CryptoRuble income is expected to be taxed at a rate of 13 percent for those wo’re unable to provide a legitimate source for it. Not only is this an attempt at preventing corruption, but it’s also a way the Russian government can profit from it.

Russian leadership is likely to remain watchful of any new methods they can use to achieve a competitive edge in international politics, finance and trade.

Cryptocurrency seems to be one of the most likely channels for increased influence across borders; thus, Russia’s pivot toward a pro-crypto policy stance is quite logical.

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Economy

Robots, Not Jobs, are Being Created Mr. President

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One of Donald Trump’s ongoing promises has been jobs. And lots of them. Specifically in manufacturing. However, he’s also pushing for innovation, especially here in the U.S. during “Made in America Week”. There’s one little problem, though. The jobs Trump wants to push are directly at odds with his message of innovation. And that’s becoming obvious as more and more companies turn to technology to compete with online retailers

What “Jobs” does the President Actually Make?

The economy is doing just fine under President Trump. Nowhere is that more evident than in the stock market, which has soared to record high after record high after record high. Unemployment is steady, hovering around 4.5 percent. And the dollar has gotten so strong that the president has had to speak against it to weaken our currency before the economy suffered as a result. Yet, Trump is still talking about job creation. But here’s the thing, companies aren’t looking to create more jobs, they’re looking to create more efficiency, and that comes through technology.

Case in point, Wal-Mart.

While the robots we think of from movies are still years away, more basic robots are already replacing human labor in restaurants such as McDonalds, and retailers like Wal-Mart, especially as a result of a growing cry for a $15 minimum wage. These bots are replacing thousands of jobs across the country, many of which will hit Trump’s main voter base. Wal-Mart, for example, is installing Cash360 machines in almost all their 4,700 U.S. stores.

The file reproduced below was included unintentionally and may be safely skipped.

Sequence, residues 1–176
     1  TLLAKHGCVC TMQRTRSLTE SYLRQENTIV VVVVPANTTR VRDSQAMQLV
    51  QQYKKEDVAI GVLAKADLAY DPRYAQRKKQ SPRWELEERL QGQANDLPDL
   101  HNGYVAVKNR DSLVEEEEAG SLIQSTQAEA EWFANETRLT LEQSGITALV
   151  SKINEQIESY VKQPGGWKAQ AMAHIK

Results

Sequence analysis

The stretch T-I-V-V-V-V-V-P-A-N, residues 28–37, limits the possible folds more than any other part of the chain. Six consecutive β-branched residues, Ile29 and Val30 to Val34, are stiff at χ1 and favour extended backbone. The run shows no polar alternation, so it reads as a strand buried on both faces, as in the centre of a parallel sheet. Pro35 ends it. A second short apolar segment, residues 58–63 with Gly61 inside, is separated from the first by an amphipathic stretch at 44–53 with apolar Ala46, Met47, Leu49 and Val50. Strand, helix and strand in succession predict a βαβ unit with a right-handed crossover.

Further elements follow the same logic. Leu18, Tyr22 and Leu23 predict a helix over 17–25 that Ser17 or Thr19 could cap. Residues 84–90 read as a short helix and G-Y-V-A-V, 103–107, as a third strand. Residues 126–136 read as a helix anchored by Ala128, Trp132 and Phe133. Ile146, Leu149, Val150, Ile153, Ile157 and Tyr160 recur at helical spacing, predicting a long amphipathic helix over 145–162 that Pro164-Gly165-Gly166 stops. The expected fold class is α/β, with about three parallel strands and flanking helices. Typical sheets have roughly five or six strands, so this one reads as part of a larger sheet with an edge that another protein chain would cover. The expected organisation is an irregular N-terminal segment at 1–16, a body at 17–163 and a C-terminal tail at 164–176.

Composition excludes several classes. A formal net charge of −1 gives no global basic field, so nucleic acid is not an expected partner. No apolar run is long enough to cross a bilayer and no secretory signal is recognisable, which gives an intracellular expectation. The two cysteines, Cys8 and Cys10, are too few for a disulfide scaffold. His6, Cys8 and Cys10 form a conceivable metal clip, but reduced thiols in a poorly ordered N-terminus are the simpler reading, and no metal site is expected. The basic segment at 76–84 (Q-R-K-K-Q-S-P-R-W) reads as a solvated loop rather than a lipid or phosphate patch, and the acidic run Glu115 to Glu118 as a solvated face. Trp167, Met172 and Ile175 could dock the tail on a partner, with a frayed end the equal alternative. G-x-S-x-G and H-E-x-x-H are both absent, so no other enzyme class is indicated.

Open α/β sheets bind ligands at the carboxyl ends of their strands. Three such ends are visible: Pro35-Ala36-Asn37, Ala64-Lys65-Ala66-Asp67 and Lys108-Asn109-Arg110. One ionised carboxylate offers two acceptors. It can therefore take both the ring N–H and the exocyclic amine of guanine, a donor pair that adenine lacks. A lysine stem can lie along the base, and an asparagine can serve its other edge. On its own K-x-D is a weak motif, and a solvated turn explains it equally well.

The Cash360 machine counts money exponentially faster than a human, which is a specific job Wal-Mart has always hired for. Now, instead of paying $13/hr for a money counter, the machine does the same work significantly more efficiently, making those jobs obsolete. While the company claims those employees will be moved to new positions, the fact is most of them can’t do any other jobs and are forced to leave the company.

That’s just one example.

The more routine a job is, the more likely it is to be replaced. Ordering a burger at McDonalds through a digital touch screen. Self checkout lanes at the grocery store. Toll takers. Even autonomous vehicles, which will replace delivery drivers in a few years.

 

Can Trump’s policies drive manufacturing jobs back to America? Watch this news clip from Fox Business:

And the biggest group who have routine jobs? Trump’s supporters. Especially in the manufacturing jobs he keeps promising. Innovation and job creation are currently at odds with each other — as long as we’re looking at the same jobs. Moving forward, we need more innovative jobs, not just innovation within existing jobs.

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The statements, views, and opinions of any article, contribution, editorial, or advertisement in this publication are not necessarily those of The Capitalist or its editorial staff, and are not considered an endorsement, sponsorship, or recommendation of any referenced product, service, issuer, or groups of issuers.

This publication provides general information about certain subjects, and should not be construed or taken as advice (legal, financial, investment, tax, or otherwise). Do not construe or take any information in this publication as a solicitation, offer, opinion, or recommendation to buy or sell any securities, bonds, or other financial instruments or to provide any legal, financial, investment, tax, or other advice or service about the suitability or profitability of any financial instruments or investments.

The Capitalist disclaims any liability for the accuracy of or your reliance on any statements, views, opinions, or information in this publication.